Pig stem cells offer transplant hope
Shanghai, China - Scientists have managed to transform pig cells into pluripotent stem cells – cells that, like embryonic stem cells, are capable of developing into any type of cell in the body.
It's the first time in the world that this has been achieved in an ungulate using cells other than sperm or egg cells.
The research could open the way to creating models for human genetic diseases, genetically engineering animals for organ transplants for humans, and for developing pigs that are resistant to diseases such as swine flu.
The team succeeded in generating induced pluripotent stem cells by using transcription factors to reprogram cells taken from a pig's ear and bone marrow. After the cocktail of reprogramming factors had been introduced into the cells via a virus, the cells changed and developed in the laboratory into colonies of embryonic-like stem cells.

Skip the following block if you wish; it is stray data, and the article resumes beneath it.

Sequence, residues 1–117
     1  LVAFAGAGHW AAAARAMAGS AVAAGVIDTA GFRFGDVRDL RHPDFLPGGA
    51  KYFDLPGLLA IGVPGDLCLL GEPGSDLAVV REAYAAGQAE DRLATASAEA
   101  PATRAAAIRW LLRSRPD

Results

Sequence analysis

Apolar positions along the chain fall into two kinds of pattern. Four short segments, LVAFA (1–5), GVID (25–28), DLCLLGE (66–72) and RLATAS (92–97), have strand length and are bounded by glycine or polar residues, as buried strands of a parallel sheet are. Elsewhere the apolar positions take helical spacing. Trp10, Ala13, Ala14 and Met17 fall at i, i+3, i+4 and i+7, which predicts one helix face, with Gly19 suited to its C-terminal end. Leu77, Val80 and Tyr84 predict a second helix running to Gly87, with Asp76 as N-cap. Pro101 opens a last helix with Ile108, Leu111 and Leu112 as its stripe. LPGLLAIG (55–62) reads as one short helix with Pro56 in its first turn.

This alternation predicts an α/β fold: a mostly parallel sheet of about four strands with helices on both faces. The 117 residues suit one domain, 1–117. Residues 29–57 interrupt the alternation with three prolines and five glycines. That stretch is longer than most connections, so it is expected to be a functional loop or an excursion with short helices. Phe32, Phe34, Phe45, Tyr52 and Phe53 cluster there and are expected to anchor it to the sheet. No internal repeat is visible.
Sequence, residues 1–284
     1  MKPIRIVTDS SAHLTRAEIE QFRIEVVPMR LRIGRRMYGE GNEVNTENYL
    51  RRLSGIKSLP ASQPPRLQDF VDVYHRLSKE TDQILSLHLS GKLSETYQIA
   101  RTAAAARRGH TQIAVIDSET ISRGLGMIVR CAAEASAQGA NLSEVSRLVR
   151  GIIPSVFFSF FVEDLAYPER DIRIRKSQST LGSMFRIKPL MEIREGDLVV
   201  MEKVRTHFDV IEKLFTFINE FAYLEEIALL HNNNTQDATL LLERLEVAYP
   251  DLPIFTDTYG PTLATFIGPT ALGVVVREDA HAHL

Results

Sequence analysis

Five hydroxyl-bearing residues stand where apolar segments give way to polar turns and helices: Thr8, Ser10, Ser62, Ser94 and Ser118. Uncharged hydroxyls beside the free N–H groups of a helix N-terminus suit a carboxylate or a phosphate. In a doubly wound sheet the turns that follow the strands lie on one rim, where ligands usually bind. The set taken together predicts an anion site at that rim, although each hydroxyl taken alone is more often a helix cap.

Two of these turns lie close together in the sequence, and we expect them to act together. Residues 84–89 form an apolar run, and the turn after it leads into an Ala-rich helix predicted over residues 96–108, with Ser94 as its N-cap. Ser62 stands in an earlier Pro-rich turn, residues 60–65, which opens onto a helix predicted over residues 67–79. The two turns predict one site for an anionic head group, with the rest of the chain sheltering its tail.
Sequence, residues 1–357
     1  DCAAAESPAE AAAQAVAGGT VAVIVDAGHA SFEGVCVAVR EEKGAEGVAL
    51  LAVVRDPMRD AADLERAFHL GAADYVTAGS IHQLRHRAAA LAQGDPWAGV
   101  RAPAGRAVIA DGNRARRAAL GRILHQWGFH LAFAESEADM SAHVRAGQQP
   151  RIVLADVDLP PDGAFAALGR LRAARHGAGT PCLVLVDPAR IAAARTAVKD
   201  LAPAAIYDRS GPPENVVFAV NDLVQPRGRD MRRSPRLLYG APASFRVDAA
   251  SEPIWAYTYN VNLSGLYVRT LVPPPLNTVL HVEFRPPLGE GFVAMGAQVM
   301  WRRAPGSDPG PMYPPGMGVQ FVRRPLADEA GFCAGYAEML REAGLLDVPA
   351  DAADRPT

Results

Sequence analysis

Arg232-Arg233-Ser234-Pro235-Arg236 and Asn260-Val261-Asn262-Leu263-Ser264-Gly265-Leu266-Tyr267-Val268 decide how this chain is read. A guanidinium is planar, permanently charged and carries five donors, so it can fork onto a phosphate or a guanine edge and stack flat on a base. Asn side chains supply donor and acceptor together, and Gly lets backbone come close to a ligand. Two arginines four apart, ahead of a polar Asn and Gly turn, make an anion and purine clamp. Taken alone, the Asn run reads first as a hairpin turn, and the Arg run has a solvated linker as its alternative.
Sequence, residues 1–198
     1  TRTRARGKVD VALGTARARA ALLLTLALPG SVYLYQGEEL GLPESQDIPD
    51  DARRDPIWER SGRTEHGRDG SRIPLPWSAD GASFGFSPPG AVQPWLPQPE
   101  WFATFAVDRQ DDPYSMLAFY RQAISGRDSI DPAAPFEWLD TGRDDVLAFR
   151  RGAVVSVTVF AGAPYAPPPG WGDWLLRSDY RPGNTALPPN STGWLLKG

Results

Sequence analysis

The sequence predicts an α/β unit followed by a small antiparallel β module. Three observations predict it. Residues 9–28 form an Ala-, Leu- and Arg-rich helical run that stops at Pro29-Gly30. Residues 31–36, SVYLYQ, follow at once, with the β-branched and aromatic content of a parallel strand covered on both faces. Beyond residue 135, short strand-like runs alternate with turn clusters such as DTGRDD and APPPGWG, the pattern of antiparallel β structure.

"The pig species is significantly similar to humans in its form and function, and the organ dimensions are largely similar to human organs. We could use embryonic stem cells or induced stem cells to modify the immune-related genes in the pig to make the pig organ compatible to the human immune system," said Dr Lei Xiao, who led the research. "Then we could use these pigs as organ donors to provide organs for patients that won't trigger an adverse reaction from the patient's own immune system."
Pig pluripotent stem cell lines could also be used to create models for human genetic diseases. However, Dr Xiao warned that it could take several years before some of the potential medical applications of his research could be used in the clinic.
The next stage of his research is to use the pig stem cells to generate gene-modified pigs that could provide organs for patients, improve the pig species or be used for disease resistance.
The work is published online today in the newly launched Journal of Molecular Cell Biology.